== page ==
I, I do, I love that you brought up rituals, right? I mean, I, I think part of work now and in the future and the responsibility and skill sets of leaders and colleagues is we have to create space for relationship building. Like, it can, and it, and it has. I think there is always going to be a need for humans to come together in the workplace in real life.
I, I would never dictate how often or, you know, or where, you know, or anything like that. I think it depends. It doesn't just depend on the organization. I think it depends on the team and the work that the team is doing, right? Like, how relational do they need to be with one another, right? Like, is there, you know, is it a very, you know, we, we kind of dissect the different types of team cultures and, and in our book, right?
And, you know, there are some teams and some people that do very individual work and they don't need to have strong relationships with one another, right? They just need to get their portion of the work done so they can pass it on to the, to the person who gets their portion, but that's becoming less and less.
Um, and so, you know, the benefits of bringing teams together in, in real life, I don't think that that will ever go away. Um, but I do think with distributed teams that it is incredibly important to have rituals and things that you do as a team that allow people to bring their humanity forward. And that can be, I mean, there's so many different great ideas of what that looks like.
I think the important thing is that that needs to be embedded in. The expectations of our work because right now it feels like it's something that Either sits on top of our work or eeks out our work or just feels like another appointment on our calendar that we don't feel like doing because we're back to back to back to back for eight hours a day, right?
And so relationship building needs to be embedded into the way we work. to be a work expectation, and we all need to be given the time and space for it. And I don't think we're there yet in most organizations broadly, right? Um, it is, it's happening, and it's happening because there are good leaders and good people that aspire to have good relationships, but for many of us, myself included, You know, when we try to do these things, there's so many people that are just like, it's an, you know, it's another appointment on my calendar.
I rather have the space for myself, right? And so how do we get to a place where these things are welcomed because we've designed work in a way that, um, allows for us to feel like we, you know, we have the time and place to engage with other humans. And when we engage with other humans, it's not at the cost of doing other work that needs to get done.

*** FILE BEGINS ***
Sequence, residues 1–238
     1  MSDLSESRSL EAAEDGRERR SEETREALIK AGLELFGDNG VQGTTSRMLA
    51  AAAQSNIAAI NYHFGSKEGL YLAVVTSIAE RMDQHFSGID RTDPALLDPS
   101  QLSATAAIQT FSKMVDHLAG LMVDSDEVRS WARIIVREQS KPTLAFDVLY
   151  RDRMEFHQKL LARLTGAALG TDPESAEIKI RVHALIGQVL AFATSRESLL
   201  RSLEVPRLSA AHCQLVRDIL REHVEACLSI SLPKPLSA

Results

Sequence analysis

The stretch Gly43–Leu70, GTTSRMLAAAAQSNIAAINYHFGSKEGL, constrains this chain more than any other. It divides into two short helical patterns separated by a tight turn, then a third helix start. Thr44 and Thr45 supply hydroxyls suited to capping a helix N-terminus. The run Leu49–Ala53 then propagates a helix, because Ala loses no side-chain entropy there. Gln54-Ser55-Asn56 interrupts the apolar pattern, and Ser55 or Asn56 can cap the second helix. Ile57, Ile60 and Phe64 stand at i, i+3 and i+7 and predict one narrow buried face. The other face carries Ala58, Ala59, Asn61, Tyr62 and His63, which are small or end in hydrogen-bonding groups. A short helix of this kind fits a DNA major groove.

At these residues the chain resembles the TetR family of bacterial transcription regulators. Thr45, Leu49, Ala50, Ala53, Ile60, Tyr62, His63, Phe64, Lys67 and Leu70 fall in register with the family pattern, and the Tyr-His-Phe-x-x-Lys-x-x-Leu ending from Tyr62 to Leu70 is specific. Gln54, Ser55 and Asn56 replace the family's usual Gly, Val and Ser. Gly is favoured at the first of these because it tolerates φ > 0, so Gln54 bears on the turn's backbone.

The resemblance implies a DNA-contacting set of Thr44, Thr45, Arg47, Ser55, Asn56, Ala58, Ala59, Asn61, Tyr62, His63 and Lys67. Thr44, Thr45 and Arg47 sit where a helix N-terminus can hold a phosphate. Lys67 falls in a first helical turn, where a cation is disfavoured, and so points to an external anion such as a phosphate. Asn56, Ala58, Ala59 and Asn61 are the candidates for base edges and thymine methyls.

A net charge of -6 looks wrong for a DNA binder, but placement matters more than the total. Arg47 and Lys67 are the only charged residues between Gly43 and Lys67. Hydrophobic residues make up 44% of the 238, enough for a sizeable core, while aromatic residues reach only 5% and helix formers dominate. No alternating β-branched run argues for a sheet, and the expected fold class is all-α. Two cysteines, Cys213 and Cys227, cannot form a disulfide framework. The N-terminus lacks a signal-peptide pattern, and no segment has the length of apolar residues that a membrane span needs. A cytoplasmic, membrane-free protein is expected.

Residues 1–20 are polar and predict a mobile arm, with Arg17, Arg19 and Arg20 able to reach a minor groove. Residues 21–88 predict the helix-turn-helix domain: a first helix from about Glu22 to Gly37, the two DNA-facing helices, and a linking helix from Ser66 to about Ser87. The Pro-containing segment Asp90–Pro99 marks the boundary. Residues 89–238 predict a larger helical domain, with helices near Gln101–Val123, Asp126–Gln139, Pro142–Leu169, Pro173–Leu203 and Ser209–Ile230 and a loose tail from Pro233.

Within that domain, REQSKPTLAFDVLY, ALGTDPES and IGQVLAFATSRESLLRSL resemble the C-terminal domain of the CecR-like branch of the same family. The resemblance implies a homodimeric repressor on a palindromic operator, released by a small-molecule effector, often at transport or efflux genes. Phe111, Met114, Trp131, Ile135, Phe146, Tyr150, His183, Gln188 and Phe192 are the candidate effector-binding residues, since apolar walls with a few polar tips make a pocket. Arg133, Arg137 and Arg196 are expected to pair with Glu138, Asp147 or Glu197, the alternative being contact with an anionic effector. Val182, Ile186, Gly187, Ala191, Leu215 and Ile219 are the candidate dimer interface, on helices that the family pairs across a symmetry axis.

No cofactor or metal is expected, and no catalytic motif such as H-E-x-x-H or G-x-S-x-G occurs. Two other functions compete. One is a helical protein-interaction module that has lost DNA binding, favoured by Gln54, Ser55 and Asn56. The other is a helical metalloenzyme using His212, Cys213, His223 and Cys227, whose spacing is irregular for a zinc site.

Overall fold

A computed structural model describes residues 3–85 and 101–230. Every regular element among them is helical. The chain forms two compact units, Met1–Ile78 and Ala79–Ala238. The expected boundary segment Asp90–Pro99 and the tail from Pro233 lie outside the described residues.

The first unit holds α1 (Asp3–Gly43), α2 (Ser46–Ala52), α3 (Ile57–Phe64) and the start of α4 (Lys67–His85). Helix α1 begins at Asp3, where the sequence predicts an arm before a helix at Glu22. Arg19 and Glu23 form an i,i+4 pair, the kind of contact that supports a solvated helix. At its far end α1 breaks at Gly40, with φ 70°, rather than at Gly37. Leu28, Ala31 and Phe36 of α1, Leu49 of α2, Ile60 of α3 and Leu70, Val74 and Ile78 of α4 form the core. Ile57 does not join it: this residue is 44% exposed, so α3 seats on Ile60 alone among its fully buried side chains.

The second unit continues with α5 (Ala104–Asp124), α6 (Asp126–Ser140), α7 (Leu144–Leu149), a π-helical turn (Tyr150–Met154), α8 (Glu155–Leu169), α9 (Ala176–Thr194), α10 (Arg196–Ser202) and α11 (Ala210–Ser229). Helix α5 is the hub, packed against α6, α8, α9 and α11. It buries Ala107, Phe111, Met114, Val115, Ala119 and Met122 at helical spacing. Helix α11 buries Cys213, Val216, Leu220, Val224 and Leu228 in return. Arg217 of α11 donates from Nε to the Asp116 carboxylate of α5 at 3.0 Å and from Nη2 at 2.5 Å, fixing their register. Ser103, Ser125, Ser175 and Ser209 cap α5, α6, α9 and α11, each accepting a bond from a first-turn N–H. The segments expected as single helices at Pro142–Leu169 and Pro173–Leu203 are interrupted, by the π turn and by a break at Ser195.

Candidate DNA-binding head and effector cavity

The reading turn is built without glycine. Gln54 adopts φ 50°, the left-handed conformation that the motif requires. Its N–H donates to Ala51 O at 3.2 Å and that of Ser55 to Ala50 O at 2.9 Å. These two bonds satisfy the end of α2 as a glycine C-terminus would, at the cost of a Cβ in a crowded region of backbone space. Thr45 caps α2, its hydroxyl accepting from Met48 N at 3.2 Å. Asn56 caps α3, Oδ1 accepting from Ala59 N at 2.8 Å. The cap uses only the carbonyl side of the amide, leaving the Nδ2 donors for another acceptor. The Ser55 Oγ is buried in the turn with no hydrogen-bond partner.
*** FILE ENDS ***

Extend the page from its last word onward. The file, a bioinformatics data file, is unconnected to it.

Adel Nehme: It's definitely something, you know, uh, I think that's going to evolve over the next few years as, you know, we, we mature our organizational cultures in a remote and distributed setting. Uh, but, you know, we talked about technology, let's dive right in. Uh, you know, I've seen you cover, uh, quite a bit when it comes to, uh, the relationship between well being and technology and, you know, given that DataFrames is a primarily data and AI podcast, A lot of the conversations we have on the pod are around data and AI transformation, right?
And I'd be remiss not to talk about the well being angle of transformation here, you know, the past 12 months have been awe inducing when it comes to technologies like data and AI, but that comes with a lot of stress, right? Data leaders, AI leaders now have massive targets on their back, right? They need to deploy AI technologies as soon as possible.
The wider workforce is now expected to learn about data and AI and they need to adapt to it. right? And frankly, there's a lot of anxiety about long term job security and what it means to be happy at work in an age of AI, right? So with the premise of the question out of the way, maybe first walk us through how you see the relationship between human sustainability and technology in general.
Jen Fisher: Yeah, it's a great question. And so, you know, I think first and foremost, the, the You know, we all need to accept that, you know, that technology and A. I. is here to stay right. It's not going anywhere. Um, and so we do need to find a better, more sustainable path for humans and technology to work better together.
Um, I think, you know, where we are and kind of where we've been. I remember, you know, when we were first, first integrating technology into the workplace. You know, it was this, you know, promise of, um, you know, oh, we're going to have technology. It's going to make us so much more efficient, which means we're going to have all of this, you know, free time that we can.
Pursue other meaningful work or time outside of work that we can do the things that matter to us in our lives. I think most of us have probably experienced the opposite of that, right? So, you know, yes, it's made us more efficient, but that efficiency meant that we all got more work to do, right? We weren't just given the free time, right?
And I think that there's the same risk of that with AI and the conversation that's happening, right? Like if we do it Properly, I believe that that we can realize that promise that these these tools will allow our humanity to come through and that we will be able to spend more time developing meaningful deep relationships with which then allow us as humans to be more creative and to be more innovative and to do the things that.
You know, depending on who you talk to, um, you know, the technology can't do yet. Maybe it will be able to, but those are uniquely human, right? And the need for humans in the workplace, I think, will always need to be there. But I do think that, you know, we need to create the right expectations and boundaries around our technology Especially in the workplace, but also in our life because we have adapted and adopt, we have adopted technology into our lives, every aspect of our lives, anything that we've got any faster than anything we've done in human history.